Delta Air Lines ( DAL) announced 15 new international routes Wednesday, making a bet that its suddenly vast global network will enhance its ability to take advantage of promising markets.

Wasting no time following its merger with Northwest, Delta said three of the flights will originate from its hubs and go to the Northwest hub at Tokyo's Narita Airport.

Senior Vice President Glen Hauenstein told reporters during a news conference that Delta is "always adding new things that have high potential, and we are taking out the bottom performers."

The new flights will begin next summer with a mix of 767-400s taken from domestic service, newly delivered 777LRs, and a few planes taken from discontinued international routes.

Delta also announced a 14.5% capacity increase between its four hubs and Northwest's three hubs, saying the increased connectivity will allow for more changes down the line. "The first thing is to make sure conduits are open for connecting traffic," Hauenstein said.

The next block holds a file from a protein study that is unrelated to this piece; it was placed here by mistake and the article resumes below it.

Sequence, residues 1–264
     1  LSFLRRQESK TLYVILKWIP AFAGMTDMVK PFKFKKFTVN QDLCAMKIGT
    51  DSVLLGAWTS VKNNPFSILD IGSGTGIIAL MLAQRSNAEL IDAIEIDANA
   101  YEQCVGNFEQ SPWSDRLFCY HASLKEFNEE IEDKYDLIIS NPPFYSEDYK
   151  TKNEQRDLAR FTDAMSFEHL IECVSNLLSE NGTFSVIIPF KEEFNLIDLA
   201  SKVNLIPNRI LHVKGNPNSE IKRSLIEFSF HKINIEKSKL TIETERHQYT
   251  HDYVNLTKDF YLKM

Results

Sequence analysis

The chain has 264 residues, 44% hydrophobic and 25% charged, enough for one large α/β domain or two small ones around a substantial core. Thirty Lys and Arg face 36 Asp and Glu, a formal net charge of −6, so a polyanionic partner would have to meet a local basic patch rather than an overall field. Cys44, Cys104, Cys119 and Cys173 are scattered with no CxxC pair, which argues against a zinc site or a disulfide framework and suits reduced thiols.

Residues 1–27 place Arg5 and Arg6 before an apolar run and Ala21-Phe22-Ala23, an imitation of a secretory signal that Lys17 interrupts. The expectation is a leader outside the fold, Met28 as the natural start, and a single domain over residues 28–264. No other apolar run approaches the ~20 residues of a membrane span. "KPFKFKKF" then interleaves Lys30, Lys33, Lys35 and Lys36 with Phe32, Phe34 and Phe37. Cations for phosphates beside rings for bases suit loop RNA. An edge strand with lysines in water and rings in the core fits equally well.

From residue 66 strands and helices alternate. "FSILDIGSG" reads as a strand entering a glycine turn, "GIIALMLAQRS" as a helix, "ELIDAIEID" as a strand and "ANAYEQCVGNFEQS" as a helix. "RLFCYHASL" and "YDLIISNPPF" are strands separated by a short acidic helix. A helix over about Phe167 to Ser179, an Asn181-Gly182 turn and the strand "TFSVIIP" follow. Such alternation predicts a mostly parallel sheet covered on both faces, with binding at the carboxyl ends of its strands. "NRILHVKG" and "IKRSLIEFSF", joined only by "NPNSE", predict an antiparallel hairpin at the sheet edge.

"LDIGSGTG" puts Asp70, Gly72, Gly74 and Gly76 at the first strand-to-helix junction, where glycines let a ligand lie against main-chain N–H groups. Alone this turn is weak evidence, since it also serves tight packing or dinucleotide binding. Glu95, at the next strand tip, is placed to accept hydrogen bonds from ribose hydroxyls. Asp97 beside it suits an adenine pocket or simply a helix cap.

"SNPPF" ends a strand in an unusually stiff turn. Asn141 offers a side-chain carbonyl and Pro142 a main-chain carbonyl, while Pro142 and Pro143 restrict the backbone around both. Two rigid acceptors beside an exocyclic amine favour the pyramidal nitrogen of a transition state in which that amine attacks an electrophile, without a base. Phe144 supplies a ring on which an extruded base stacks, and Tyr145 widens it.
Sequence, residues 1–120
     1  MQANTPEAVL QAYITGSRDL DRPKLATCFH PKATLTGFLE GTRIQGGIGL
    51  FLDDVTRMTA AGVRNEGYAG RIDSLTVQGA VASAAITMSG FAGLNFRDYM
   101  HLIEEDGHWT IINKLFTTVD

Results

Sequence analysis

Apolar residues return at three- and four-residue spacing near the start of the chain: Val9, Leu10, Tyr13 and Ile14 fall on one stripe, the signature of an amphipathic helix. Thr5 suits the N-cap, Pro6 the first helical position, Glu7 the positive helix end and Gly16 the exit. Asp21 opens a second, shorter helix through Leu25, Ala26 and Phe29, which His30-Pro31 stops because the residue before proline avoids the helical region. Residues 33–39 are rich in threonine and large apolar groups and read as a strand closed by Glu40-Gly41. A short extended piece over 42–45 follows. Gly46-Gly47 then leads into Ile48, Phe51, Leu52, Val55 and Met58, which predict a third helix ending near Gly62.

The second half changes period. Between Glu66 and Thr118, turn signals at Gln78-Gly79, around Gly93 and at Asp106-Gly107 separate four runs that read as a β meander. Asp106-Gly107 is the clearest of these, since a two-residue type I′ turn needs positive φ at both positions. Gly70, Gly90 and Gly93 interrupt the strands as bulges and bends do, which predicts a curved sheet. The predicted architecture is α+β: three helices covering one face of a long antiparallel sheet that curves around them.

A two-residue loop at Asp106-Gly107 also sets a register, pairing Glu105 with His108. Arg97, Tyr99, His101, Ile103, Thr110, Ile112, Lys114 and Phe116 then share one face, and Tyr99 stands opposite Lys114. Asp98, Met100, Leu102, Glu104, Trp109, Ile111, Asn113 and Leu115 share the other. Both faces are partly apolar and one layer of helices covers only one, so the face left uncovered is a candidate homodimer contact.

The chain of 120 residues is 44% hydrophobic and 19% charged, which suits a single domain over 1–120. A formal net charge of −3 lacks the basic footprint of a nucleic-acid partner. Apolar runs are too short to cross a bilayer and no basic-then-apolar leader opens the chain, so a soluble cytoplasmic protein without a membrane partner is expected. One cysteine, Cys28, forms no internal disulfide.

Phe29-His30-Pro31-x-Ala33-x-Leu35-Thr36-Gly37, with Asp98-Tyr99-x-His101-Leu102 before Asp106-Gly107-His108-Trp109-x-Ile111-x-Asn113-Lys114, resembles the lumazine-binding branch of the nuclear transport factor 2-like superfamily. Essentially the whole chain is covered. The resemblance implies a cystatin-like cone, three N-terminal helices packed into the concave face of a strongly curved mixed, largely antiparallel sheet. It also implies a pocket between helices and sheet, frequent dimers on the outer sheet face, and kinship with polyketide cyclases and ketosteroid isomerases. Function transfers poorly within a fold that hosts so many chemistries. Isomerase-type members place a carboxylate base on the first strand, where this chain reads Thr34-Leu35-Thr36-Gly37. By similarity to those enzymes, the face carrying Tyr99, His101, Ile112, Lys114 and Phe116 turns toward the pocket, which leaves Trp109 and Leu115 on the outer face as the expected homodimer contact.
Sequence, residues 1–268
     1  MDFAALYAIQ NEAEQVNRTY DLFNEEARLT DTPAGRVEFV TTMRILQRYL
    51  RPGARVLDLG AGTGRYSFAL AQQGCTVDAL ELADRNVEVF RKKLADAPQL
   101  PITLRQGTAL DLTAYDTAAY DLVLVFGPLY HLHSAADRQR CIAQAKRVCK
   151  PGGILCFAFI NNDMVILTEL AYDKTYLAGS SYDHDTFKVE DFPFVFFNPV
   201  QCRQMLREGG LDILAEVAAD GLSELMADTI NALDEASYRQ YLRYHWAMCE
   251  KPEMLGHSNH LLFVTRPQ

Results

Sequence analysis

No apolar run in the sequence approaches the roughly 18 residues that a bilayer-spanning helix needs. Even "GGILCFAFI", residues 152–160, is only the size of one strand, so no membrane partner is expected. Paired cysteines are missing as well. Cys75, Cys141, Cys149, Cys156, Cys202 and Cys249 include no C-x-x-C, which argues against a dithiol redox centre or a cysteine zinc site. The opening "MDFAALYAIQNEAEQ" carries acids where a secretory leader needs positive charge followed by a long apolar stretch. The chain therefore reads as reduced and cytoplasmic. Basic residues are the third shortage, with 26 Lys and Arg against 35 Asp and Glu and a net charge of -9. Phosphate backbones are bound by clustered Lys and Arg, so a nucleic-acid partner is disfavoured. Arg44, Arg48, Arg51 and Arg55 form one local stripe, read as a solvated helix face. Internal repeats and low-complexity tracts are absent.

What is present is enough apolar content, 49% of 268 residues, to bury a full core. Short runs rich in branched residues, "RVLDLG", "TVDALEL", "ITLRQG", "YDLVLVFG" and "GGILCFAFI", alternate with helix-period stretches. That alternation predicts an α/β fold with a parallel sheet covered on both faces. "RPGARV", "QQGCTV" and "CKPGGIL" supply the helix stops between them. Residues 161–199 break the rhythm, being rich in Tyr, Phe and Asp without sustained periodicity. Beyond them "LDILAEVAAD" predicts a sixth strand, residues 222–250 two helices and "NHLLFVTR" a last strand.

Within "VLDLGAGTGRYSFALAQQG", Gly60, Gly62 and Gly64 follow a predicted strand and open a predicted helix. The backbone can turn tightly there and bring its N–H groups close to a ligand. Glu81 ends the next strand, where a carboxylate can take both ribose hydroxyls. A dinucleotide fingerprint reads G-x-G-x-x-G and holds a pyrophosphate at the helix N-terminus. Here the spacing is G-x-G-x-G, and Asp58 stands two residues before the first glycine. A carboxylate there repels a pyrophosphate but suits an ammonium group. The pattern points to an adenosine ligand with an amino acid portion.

Additionally, Delta unveiled plans for eight new flights to Africa. Delta is the only U.S. carrier in Africa, the largest trans-Atlantic carrier and, following the merger, the largest U.S. carrier to Asia, eclipsing UAL ( UAUA) unit United.

In touting the merger, executives said frequently that a major advantage was the ability to funnel Delta traffic through Northwest's Tokyo hub. On Wednesday, Delta said it will add Tokyo flights from Atlanta, New York's Kennedy Airport and Salt Lake City.

The single New York flight means "we take ourselves from not being an Asian player in New York to being the No. 1 Asian carrier," Hauenstein said. Atlanta will get a second Tokyo flight. Also, Delta will add a Tokyo-Ho Chi Minh City flight, taking advantage of Northwest's rights to fly routes directly from Tokyo.

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